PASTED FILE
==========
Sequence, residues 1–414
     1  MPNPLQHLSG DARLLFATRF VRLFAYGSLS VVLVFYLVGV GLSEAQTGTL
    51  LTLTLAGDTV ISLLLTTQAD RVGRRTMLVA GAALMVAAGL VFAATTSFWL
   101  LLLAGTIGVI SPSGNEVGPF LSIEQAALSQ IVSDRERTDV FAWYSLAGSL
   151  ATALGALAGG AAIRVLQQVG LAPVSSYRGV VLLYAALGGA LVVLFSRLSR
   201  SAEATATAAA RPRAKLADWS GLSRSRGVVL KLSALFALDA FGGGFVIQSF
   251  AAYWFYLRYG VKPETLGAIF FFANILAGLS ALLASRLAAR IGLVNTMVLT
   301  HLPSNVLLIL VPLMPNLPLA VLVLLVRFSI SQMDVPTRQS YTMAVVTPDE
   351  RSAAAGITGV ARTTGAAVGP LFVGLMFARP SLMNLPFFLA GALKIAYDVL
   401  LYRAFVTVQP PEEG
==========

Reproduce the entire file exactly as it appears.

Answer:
Sequence, residues 1–414
     1  MPNPLQHLSG DARLLFATRF VRLFAYGSLS VVLVFYLVGV GLSEAQTGTL
    51  LTLTLAGDTV ISLLLTTQAD RVGRRTMLVA GAALMVAAGL VFAATTSFWL
   101  LLLAGTIGVI SPSGNEVGPF LSIEQAALSQ IVSDRERTDV FAWYSLAGSL
   151  ATALGALAGG AAIRVLQQVG LAPVSSYRGV VLLYAALGGA LVVLFSRLSR
   201  SAEATATAAA RPRAKLADWS GLSRSRGVVL KLSALFALDA FGGGFVIQSF
   251  AAYWFYLRYG VKPETLGAIF FFANILAGLS ALLASRLAAR IGLVNTMVLT
   301  HLPSNVLLIL VPLMPNLPLA VLVLLVRFSI SQMDVPTRQS YTMAVVTPDE
   351  RSAAAGITGV ARTTGAAVGP LFVGLMFARP SLMNLPFFLA GALKIAYDVL
   401  LYRAFVTVQP PEEG